Although my cooking prowess (or lack thereof) has not yet reached legendary status, there are nonetheless a few stories that can be told within my family. Pizza, however, is one of my favorites. Not to cook, but to eat, and so I’ve become quite good at doing both, if I do say so myself (and I do.)
I am, currently at this writing, happily anticipating a brand new kitchen. The contractor comes tomorrow to go over the final game plan, which includes knocking out a wall, etc. His wife, who helps run the business, is well-versed in kitchens, and made the comment that even though I don’t like cooking at present, perhaps I will enjoy it when I get a new kitchen environment….
…Nah. But in the (many) years of providing edible sustenance for my husband and children, I have learned a few things, including what is nourishing and what to avoid. Unlike this young guy, evidently:
“Elisha now returned to Gilgal, and there was a famine in the land. One day as the group of prophets was seated before him, he said to his servant, ‘Put a large pot on the fire, and make some stew for the rest of the group.’
One of the young men went out into the field to gather herbs and came back with a pocketful of wild gourds. He shredded them and put them into the pot without realizing they were poisonous. Some of the stew was served to the men. But after they had eaten a bite or two they cried out, ‘Man of God, there’s poison in this stew!’ So they would not eat it.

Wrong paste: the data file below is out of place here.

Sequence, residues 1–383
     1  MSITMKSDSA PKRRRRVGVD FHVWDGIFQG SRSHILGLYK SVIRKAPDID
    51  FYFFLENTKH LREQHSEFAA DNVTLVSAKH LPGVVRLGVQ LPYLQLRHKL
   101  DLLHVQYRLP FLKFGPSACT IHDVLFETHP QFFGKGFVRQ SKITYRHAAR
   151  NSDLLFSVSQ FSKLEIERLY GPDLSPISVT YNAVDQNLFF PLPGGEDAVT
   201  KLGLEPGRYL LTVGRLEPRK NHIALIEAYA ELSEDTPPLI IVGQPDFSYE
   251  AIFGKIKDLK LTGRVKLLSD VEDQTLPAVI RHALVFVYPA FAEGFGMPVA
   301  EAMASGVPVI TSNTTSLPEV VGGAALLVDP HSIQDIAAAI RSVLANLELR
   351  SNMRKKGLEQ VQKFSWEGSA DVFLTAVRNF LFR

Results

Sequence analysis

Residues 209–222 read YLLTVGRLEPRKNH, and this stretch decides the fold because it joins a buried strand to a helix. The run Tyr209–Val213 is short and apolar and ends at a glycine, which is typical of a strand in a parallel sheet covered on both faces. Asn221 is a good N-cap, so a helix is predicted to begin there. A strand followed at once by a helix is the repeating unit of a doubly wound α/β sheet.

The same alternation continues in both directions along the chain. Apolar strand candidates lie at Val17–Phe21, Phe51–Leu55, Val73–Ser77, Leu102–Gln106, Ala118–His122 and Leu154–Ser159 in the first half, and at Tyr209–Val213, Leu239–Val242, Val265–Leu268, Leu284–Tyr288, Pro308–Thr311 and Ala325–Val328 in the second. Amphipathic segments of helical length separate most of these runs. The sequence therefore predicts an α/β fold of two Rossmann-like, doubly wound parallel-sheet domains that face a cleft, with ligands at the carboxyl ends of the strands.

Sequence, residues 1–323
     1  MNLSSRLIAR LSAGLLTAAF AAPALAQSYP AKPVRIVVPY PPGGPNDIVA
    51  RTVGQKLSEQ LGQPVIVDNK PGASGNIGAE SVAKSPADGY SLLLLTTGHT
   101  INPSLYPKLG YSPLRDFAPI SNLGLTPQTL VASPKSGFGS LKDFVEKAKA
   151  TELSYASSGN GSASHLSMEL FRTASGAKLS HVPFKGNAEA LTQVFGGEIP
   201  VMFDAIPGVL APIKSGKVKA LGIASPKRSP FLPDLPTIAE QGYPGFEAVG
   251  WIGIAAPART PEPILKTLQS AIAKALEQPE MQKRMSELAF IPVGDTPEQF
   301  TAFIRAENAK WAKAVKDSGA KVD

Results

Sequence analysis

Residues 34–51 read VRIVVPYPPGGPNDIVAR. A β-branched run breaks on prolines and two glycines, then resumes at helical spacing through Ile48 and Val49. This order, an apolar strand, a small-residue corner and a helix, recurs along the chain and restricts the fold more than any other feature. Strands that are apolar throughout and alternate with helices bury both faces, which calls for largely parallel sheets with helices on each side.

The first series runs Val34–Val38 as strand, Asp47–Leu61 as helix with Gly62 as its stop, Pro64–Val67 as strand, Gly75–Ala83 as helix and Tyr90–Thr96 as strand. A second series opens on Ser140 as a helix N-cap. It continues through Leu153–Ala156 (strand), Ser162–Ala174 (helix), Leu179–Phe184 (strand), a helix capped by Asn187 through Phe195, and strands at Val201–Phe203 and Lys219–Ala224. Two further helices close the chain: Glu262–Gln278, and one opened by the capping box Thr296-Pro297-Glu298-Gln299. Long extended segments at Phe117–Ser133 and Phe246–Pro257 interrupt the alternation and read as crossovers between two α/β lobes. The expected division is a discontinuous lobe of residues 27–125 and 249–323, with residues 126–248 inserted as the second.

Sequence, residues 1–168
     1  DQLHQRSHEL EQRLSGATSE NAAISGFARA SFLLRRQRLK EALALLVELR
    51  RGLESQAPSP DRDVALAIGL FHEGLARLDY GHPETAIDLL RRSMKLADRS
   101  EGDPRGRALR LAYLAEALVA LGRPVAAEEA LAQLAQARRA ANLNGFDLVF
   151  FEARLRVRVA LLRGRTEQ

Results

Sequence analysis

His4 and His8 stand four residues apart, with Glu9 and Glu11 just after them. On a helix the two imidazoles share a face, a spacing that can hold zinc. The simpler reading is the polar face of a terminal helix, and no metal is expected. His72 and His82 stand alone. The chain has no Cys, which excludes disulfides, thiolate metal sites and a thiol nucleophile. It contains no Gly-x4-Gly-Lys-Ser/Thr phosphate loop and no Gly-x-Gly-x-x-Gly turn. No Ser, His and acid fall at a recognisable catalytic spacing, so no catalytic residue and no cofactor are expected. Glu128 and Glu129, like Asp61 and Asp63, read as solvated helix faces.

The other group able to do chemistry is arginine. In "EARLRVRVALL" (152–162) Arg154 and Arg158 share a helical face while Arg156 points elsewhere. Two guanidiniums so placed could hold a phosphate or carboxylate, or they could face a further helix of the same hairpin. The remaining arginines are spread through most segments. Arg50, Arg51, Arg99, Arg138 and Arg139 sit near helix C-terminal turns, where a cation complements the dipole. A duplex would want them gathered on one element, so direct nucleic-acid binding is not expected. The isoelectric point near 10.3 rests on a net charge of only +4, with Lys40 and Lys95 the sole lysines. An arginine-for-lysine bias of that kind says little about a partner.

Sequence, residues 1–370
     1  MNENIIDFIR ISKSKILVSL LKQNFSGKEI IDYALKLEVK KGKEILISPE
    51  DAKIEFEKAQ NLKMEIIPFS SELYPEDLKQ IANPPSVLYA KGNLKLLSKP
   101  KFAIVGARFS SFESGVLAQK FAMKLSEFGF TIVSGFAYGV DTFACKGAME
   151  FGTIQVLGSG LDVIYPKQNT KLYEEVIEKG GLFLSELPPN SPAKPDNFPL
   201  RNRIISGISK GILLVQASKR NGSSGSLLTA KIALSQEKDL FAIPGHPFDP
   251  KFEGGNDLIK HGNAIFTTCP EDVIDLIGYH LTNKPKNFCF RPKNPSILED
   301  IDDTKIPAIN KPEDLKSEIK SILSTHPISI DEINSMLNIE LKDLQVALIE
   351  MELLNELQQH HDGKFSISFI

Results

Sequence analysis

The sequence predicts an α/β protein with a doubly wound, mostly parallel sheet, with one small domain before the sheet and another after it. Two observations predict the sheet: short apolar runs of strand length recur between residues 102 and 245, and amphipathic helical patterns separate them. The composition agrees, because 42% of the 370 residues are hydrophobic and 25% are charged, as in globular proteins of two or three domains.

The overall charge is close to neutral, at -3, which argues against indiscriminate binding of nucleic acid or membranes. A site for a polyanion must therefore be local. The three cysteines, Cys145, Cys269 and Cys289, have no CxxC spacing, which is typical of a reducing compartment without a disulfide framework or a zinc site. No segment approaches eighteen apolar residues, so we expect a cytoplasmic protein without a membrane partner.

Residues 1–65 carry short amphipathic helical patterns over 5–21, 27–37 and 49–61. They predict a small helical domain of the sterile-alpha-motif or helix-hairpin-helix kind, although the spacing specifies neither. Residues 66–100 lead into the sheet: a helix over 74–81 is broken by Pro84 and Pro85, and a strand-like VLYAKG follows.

Interestingly, the writer prefaces this account with the fact that there was a famine going on. These men were hungry, and there was possibly not another meal in site for a while. No McDonald’s down the next street or anything. So for them to spit out this soup was to make an important choice between going hungry or taking their chances with spoiled (or worse) food.
Besides, how did the men know that it was poisonous? Sure, being prophets probably didn’t hurt their collective sense of discernment, but I’m more inclined to think that God allowed them to taste the stew, and through that given and trained sense, they could tell it was bad for them. Wisely, they refused to eat it.
Elisha said, ‘Bring me some flour.’ Then he threw it into the pot and said, ‘Now it’s all right; go ahead and eat.’ And then it did not harm them.”
Another interesting similarity is that flour represents bread, and Jesus refers to Himself as the bread of life. Just as Elisha was able to transform what was deadly into life-giving, it is Jesus who transforms what Satan means for evil into what God means for good.
But first, like the men who refused the meal, we must choose obedience over immediate comfort, faith in His provision over the poisonous and temporary sustenance that the world offers. And that is an intentional decision.
“But solid food is for the mature, who because of practice have their senses trained to discern good and evil.”
Because pizza or not, the ingredients have to be good.
2 Kings 4:38-41 Holy Bible, New Living Translation, copyright © 1996, 2004, 2015 by Tyndale House Foundation. Used by permission of Tyndale House Publishers Inc., Carol Stream, Illinois 60188. All rights reserved.